WHILE research has found that most people in Northern Ireland would apparently be quite happy to accept an organ transplant if they needed one, only 35% of the population have gone to the trouble of actually signing the NHS Organ Donor Register.
As a result of this failure to support organ donation efforts, around 15 people die here each year while waiting for an organ transplant.
Joining the Register is a very simple process (see below) but it should also be noted that even after a person goes to the trouble of doing this, it is by no means certain that their wishes will actually be followed when they die. This is because our current system has major weaknesses. Primary among these is the fact that relatives are allowed to refuse the final act of organ donation to go ahead.
According to the Public Health Agency (PHA), 38% of families in Northern Ireland refuse to give permission for doctors to remove organs from a loved one who has died and who had already registered as a donor. This compares with a refusal rate of 15% in countries such as Spain.
Research has also found that a common reason for families refusing to agree to a relative’s organs being donated was because they had been unaware of their loved one’s wishes.
Making wishes known
The PHA has backed campaigns to encourage families to spend time discussing the issue of organ donation. To this end an Organ Donation Discussion Day was even held in the past.
Anyone who signs-up to the register is encouraged to make their wishes known to relatives. But because families continue to be given what effectively amounts to a Veto, there can be no guarantee that even after an individual goes to the trouble of discussing their wishes that they will eventually be respected.
Remove the Veto?
One answer to this problem might be to consider removing the rights of family members to refuse permission. Those in authority might baulk at taking this course of action. But some observers believe there is no use authorities continually complaining about the lack of available donors if the existing system can be so easily undermined.
The lack of political will for making any meaningful changes to the rules covering organ donation in Northern Ireland was clearly illustrated earlier this year when a clause in a private members bill at the Stormont Assembly, which would have introduced a ’soft opt-out’ system, was rejected.
The opt-out option included in the bill proposed by Ulster Unionist MLA Jo-Anne Dobson, would have resulted in everyone being automatically included on the Organ Donation Register with the obligation on those who did not wish to remain as a potential donor to remove their names.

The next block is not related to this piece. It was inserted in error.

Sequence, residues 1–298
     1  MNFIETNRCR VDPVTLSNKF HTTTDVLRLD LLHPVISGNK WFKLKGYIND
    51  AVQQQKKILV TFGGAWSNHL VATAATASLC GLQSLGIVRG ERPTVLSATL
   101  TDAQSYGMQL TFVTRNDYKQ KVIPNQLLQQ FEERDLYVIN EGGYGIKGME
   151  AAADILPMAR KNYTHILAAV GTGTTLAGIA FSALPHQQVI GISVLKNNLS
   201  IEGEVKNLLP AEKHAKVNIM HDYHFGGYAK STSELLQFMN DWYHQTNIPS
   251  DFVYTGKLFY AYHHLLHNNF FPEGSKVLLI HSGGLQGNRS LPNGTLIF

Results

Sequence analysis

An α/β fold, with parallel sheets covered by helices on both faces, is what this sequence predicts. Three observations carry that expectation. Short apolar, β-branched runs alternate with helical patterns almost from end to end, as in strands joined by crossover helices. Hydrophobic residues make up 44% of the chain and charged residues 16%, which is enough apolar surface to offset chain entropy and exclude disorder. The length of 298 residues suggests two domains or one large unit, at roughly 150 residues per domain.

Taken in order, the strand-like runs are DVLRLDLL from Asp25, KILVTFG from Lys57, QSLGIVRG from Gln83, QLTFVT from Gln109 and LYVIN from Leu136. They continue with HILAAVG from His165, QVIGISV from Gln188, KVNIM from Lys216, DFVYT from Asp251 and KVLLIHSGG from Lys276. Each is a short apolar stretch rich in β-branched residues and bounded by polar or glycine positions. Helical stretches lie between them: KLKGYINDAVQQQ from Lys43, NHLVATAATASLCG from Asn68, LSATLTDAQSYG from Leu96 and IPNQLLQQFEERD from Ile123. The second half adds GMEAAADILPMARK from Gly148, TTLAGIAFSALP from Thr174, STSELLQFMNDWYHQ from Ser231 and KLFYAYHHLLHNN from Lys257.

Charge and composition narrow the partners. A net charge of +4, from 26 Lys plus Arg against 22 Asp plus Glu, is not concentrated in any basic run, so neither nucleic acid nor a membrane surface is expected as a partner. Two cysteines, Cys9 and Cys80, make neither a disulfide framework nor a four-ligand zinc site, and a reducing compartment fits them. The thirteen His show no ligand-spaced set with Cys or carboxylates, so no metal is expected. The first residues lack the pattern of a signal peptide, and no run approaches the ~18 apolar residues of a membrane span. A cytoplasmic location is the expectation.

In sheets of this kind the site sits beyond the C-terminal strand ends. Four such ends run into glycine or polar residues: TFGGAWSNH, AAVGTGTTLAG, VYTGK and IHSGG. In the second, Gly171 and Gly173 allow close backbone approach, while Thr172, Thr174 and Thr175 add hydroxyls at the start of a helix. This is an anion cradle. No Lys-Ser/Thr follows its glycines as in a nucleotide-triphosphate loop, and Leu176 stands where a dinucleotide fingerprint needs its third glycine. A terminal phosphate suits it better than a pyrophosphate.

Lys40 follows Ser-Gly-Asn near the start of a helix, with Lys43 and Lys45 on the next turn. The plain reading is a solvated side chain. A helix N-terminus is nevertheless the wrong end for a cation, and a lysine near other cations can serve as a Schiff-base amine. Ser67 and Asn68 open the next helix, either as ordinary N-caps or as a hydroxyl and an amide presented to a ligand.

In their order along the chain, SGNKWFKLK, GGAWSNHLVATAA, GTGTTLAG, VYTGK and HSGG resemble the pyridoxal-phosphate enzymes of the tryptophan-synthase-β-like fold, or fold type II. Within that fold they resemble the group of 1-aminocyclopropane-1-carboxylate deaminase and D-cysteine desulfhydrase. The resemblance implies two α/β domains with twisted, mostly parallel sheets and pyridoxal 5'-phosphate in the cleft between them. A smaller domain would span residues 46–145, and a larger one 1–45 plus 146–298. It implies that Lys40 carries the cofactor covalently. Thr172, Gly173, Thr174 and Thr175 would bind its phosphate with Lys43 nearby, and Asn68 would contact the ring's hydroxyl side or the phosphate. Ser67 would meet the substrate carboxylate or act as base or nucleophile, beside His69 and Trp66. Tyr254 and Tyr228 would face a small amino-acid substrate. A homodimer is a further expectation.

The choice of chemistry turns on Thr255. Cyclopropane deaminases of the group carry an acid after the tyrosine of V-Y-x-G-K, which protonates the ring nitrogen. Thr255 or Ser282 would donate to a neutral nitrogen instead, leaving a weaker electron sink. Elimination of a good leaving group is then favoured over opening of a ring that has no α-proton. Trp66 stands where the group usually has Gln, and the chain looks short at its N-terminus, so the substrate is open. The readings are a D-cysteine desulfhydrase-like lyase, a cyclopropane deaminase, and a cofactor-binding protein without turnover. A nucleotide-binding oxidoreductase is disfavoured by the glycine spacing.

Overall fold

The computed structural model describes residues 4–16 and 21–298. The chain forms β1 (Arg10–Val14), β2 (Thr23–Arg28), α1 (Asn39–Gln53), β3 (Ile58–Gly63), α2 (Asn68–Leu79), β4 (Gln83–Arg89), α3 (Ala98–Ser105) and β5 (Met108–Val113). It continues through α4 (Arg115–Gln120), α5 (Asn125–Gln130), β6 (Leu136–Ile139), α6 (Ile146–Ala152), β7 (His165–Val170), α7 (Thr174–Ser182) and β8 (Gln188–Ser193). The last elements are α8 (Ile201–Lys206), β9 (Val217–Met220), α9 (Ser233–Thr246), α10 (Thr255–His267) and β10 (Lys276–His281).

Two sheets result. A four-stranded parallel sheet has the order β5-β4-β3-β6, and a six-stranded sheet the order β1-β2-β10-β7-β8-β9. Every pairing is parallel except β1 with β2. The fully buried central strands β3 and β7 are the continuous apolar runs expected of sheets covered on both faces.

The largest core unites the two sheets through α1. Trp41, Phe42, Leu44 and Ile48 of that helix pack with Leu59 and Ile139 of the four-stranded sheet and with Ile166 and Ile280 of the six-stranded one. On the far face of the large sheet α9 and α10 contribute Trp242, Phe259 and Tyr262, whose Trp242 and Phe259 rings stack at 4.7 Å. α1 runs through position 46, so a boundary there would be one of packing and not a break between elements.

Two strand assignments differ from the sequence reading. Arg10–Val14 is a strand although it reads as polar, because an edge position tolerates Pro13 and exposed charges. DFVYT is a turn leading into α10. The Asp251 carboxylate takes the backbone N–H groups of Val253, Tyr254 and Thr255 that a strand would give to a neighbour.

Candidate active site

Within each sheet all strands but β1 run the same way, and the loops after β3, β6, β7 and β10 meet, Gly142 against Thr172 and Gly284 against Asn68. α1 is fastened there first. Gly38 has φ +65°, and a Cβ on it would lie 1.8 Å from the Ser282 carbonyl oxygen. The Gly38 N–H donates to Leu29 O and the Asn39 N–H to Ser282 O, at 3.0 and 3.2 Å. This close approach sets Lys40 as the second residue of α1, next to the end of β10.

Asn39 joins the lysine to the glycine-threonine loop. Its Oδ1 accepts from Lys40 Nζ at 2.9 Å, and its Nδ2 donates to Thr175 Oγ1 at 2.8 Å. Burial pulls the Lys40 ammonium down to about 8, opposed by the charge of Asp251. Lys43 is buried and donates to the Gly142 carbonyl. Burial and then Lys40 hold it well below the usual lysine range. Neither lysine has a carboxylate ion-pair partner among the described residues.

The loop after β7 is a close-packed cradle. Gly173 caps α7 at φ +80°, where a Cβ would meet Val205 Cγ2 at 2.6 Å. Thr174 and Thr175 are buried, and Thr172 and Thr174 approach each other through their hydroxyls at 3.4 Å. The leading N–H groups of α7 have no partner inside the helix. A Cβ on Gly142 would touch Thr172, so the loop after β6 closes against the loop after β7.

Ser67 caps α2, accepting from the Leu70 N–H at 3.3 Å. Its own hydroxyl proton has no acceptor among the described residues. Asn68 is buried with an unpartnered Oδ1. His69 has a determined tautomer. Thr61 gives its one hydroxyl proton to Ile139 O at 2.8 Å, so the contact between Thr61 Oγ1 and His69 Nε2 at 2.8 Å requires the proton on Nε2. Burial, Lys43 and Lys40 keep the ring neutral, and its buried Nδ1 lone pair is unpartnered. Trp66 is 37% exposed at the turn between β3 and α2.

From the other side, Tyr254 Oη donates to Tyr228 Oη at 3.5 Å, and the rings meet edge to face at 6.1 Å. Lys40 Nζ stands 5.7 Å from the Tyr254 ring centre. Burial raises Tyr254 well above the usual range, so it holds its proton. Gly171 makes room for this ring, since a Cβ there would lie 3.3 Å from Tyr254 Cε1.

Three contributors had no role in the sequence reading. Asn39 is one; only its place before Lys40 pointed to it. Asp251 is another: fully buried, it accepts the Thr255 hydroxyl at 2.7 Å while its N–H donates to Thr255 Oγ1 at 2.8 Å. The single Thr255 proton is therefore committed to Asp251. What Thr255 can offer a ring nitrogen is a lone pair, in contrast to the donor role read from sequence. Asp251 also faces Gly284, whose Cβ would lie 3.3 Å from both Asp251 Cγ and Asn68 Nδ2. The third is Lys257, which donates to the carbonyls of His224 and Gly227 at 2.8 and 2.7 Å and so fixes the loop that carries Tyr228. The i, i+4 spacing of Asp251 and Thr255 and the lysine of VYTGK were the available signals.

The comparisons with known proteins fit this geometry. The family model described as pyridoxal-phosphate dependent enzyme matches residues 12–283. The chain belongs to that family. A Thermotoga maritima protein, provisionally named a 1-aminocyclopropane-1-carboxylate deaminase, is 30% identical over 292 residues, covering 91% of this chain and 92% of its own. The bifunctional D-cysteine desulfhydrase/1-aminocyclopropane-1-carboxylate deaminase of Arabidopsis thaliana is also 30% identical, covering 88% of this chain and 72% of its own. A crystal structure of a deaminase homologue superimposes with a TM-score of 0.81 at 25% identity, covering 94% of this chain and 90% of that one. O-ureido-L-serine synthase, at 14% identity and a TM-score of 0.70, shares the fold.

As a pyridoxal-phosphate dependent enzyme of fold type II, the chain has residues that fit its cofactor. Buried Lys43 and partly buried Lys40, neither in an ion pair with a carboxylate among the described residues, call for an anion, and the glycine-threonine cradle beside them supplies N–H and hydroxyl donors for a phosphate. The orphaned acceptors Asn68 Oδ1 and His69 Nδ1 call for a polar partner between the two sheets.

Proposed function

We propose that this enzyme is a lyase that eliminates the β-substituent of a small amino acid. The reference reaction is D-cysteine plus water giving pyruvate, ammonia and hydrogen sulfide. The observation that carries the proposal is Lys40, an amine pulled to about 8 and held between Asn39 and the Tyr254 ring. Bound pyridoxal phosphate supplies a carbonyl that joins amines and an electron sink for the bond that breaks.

After the Stormont Health Committee rejected the clause, Ms. Dobson expressed her disappointment, describing it as a “dark day”. She added: “It would have given hope to those waiting on a life-saving transplant, it would have made a vast difference to them”.
Wales shows the way
The ’soft opt-out’ system, which is also known as ’deemed consent’ has already been introduced in Wales.
Politicians introduced the system there in December last year, after being faced with research which showed that 9 out of 10 people supported organ donation but only 3 out of 10 people signed up to the Organ Donation Register.
The British Heart Foundation was among those to welcome the new law in Wales. It said the rest of the United Kingdom should follow suit.
Northern Ireland’s Health Minister Simon Hamilton has pledged to carefully watch how the initiative in Wales affects their organ donation consent rates.
The Minister said: “Wales has a similar NHS system to Northern Ireland and I expect that we will be able to learn from their experience and use it to carefully consider the future for organ donation in Northern Ireland along with the views of local transplant clinicians and other stakeholders”.
Join the register
Joining the donor organ register is straightforward. Register online or you can download a form to complete you registration by post. If you want to talk to someone about joining then contact the NHS Donor Line on 0300 123 23 33. This service is available 24 hours a day.
Visit the Northern Ireland Organ Donation website.
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